The results of these rigorous evaluation analyses provide very little empirical evidence in favour of the hypothesis that regional policies promote growth in the areas they target. In some cases, the impacts of the interventions are simply zero. In others, positive impacts occur but are limited to the short term. For example, investment subsidies cause an increase in capital accumulation in the years the programme is in place (Cerqua and Pellegrini 2013), which however is then offset by a decrease in subsequent years (Bronzini and de Blasio 2006). In the case of EU Cohesion Funds, while some positive effect is detected (Giua 2017), it is not long-lasting. For example, when Abruzzi exited the Objective 1 programme (because it had breached the 75% eligibility threshold), its growth rate weakened relative to a set of control regions that continued being financed (Barone et al. 2016). As to other programmes, the effects are confined to micro areas within the lagging regions, but these are offset by negative impacts in neighbouring areas – so-called spatial displacement (Andini and de Blasio 2016).

What went wrong?

Although the policies implemented have varied widely in terms of design, the actors involved, the mode of implementation and the source (national or EU), and the amount of funding, it is consistently difficult to find positive effects on the economies of the subsidised territories. This suggests that regional policies face obstacles of a general nature.

An important aspect refers to the role of local institutions. Based on government quality indicators (Charron et al. 2014), institutional quality is lower in Italy than in other EU15 countries (except Greece). Regional heterogeneity is very high: the distance between the most efficient and the least efficient regions in Italy is the widest in Europe (and is even double that of countries such as France and Portugal, which also have non-negligible internal heterogeneities). Needless to say, Southern regions are at the bottom of the internal ranking. Since local governments manage a large share of cohesion interventions, the quality of local government institutions is crucial. To illustrate this, with reference to European regions, Becker et al. (2013) show that it is a driver of the effectiveness of structural funds. Barone and Mocetti (2014) focus on post-earthquake transfers in two different areas affected by earthquakes of similar intensity in 1976 and 1980, respectively: Friuli in the North, with high-quality local institutions, and Irpinia in the South, with low-quality institutions. The long-term outcomes could not have been more different: 20 years after the earthquake, Friuli had per capita GDP 23% higher than the counterfactual and Irpinia 12% lower. More importantly, Irpinia’s administrative efficiency, already low in 1980, has further deteriorated in subsequent years, suggesting that money itself does not buy institutional quality.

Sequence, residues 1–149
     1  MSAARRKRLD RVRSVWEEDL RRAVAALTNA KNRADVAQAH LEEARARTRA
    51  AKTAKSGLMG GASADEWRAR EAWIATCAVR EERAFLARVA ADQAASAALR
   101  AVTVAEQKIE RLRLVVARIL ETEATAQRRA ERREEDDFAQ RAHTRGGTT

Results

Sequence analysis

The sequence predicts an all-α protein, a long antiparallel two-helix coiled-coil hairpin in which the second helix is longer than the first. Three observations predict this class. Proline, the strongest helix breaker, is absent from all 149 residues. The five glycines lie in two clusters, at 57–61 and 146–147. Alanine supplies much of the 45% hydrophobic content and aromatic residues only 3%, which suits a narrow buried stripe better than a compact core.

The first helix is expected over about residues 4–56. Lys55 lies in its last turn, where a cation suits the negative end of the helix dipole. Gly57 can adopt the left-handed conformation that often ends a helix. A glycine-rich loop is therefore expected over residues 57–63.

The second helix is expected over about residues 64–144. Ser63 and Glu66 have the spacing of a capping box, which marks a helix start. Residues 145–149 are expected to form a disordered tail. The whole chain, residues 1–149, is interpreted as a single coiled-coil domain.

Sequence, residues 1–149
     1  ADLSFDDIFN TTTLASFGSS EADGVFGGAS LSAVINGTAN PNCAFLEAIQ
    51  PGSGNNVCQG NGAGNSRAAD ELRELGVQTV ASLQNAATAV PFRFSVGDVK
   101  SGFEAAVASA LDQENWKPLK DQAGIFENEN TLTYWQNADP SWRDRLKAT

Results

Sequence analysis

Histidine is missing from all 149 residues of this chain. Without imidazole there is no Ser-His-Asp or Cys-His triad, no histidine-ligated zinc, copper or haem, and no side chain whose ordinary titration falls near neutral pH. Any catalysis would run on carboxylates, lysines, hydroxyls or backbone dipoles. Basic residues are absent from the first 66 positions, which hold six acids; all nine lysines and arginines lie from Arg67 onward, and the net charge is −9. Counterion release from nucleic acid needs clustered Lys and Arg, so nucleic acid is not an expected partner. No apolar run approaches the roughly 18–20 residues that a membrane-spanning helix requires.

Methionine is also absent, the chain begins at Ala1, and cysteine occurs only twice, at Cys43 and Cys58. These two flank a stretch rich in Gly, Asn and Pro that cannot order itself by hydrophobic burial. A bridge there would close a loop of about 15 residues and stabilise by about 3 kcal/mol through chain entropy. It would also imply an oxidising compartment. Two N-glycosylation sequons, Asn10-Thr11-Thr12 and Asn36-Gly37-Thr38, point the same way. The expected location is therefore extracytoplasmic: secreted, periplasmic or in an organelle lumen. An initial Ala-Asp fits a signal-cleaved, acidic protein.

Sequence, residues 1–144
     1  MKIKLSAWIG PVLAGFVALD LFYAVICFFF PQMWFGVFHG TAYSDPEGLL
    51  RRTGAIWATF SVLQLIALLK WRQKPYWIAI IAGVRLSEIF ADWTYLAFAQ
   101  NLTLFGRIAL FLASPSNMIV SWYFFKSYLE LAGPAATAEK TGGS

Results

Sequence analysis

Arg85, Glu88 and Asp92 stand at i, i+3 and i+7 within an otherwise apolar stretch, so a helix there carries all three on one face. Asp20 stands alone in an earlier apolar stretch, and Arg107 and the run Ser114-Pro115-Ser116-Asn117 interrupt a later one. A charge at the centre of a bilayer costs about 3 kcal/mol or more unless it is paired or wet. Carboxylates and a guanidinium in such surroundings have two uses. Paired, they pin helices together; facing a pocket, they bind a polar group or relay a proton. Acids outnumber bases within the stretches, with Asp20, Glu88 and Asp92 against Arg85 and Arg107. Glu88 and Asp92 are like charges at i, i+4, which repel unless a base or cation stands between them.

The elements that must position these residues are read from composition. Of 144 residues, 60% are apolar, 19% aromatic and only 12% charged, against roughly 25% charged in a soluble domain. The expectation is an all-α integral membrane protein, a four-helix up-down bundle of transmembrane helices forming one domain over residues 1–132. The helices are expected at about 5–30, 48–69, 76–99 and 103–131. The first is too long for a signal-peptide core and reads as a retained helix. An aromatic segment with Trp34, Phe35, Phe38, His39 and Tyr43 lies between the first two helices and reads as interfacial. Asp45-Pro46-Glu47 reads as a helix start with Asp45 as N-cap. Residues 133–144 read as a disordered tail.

Moreover, organised crime can go hand-in-hand with low-quality institutions. A large part of Southern Italy has historically featured the presence of very well-rooted organised crime. Organised crime might have some comparative advantage in two activities related to the manipulation of public funding: the creation of fictitious firms with the sole purpose of applying for subsidies, and combining local power with threats in order to influence bureaucrats that allocate funds. Barone and Narciso (2015) focus on the funds granted through Law 488/92 (at that time, the main policy instrument used to reduce territorial disparities in Italy by offering a subsidy to businesses willing to invest in poorer regions) to Sicilian municipalities in the 2004–2009 period. They find that the Mafia plays a significant role in explaining the spatial distribution of funds, suggesting the diversion of public transfers to firms. Thomas et al. (2021) reach the same conclusion using data on the EU structural funds.

In the second column in this series, we discuss how Italian place-based policies have not only been ineffective but have also entailed some unpleasant side effects. We then draw some policy implications from the whole body of research on these policies in Italy.

Authors’ note: The views expressed in this column should be attributed to the authors alone and not to the institutions with which they are affiliated.